Let’s Talk About IKEA’s Crazy Product Names

Work & Business

Let’s Talk About IKEA’s Crazy Product Names

Ikornennes. Fanbyn. Kroby. Allamåla.

Ah, IKEA product names. Just scroll through the alphabetical product list to get a taste of Swedish name after Swedish name. Aside from being prime for puns, they’re meaningless, right?

Think again.

Late IKEA founder Ingvar Kamprad left his mark on just about every aspect of the billion-dollar legacy he left behind. The name “IKEA” is comprised of his initials, and the name of the farm/village where he grew up: Ingvar Kamprad Elmtaryd Agunnaryd. IKEA’s mission of “providing a range of home furnishing products that are affordable to the many people, not just the few” is one Kamprad lived by. Even the seemingly funky product naming system was created with him in mind.

Growing up, Kamprad was thrifty. According to his New York Times obituary, he flew only coach, and he instructed his employees to use both sides of a sheet of paper – just how IKEA’s furniture assembly instructions do. He drove a ’93 Volvo. He recycled tea bags, pocketed salt and pepper packets from eateries and regularly dined at IKEA, given its modest prices.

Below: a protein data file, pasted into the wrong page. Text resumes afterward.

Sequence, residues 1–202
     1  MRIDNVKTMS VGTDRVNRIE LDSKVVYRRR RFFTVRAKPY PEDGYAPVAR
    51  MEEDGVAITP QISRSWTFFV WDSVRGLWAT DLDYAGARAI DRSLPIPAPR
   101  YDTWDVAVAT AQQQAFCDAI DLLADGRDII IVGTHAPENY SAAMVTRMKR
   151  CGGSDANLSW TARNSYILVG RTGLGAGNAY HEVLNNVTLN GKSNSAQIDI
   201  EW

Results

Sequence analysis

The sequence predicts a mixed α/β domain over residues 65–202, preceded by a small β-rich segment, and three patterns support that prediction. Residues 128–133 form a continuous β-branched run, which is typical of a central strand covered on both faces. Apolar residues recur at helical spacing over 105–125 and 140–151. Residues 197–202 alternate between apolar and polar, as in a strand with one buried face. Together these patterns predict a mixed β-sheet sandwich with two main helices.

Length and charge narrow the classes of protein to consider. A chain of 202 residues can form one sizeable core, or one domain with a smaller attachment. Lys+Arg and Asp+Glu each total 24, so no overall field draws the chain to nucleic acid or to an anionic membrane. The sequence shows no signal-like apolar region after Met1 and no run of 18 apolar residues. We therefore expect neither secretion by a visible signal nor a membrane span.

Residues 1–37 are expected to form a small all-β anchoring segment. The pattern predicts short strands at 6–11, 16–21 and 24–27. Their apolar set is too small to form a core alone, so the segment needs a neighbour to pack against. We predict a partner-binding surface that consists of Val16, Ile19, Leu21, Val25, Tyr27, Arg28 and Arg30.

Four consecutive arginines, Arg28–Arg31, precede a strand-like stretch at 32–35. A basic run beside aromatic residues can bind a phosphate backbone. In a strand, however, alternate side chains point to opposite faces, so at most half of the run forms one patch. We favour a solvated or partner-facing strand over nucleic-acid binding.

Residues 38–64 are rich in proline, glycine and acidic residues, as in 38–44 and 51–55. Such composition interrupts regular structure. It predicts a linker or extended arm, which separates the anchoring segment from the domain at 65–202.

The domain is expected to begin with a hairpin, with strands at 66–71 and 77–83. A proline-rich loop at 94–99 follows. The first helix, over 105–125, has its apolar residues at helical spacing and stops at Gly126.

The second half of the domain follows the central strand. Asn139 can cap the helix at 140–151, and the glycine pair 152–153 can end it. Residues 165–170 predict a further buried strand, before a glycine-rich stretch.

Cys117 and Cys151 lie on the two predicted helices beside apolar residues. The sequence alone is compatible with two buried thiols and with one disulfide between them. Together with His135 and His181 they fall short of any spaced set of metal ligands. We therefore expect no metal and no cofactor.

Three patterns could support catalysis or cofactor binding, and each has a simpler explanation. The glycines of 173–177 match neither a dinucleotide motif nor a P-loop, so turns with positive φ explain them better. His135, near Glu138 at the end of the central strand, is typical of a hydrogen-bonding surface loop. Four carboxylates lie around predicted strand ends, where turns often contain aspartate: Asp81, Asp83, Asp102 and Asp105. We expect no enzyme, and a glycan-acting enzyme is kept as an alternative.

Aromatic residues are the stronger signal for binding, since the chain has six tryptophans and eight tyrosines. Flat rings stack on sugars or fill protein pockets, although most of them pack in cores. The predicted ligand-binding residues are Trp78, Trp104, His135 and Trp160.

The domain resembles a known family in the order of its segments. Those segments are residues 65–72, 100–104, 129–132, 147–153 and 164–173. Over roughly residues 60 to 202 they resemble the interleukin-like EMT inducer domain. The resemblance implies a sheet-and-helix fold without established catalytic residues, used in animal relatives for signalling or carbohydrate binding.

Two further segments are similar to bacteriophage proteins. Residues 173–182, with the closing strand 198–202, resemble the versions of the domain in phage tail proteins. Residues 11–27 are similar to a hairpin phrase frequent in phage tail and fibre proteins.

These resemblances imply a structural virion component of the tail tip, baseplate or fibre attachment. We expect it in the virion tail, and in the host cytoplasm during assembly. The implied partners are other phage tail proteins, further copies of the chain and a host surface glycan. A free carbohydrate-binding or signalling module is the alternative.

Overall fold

What most people don’t know? Kamprad was dyslexic. Because of his dyslexia, rather than giving products a collection of numbers and letters that easily could be mixed up, each product was given a name.

And while the names seem random, Business Insider highlighted the system IKEA uses.

For example, fabrics and curtains are named after women, bathroom articles are named after Scandinavian bodies of water and upholstered furniture, bookshelves and coffee tables are named after Swedish places.

If you’re interested in translating a specific product, check out Lars Petrus’ IKEA Dictionary.

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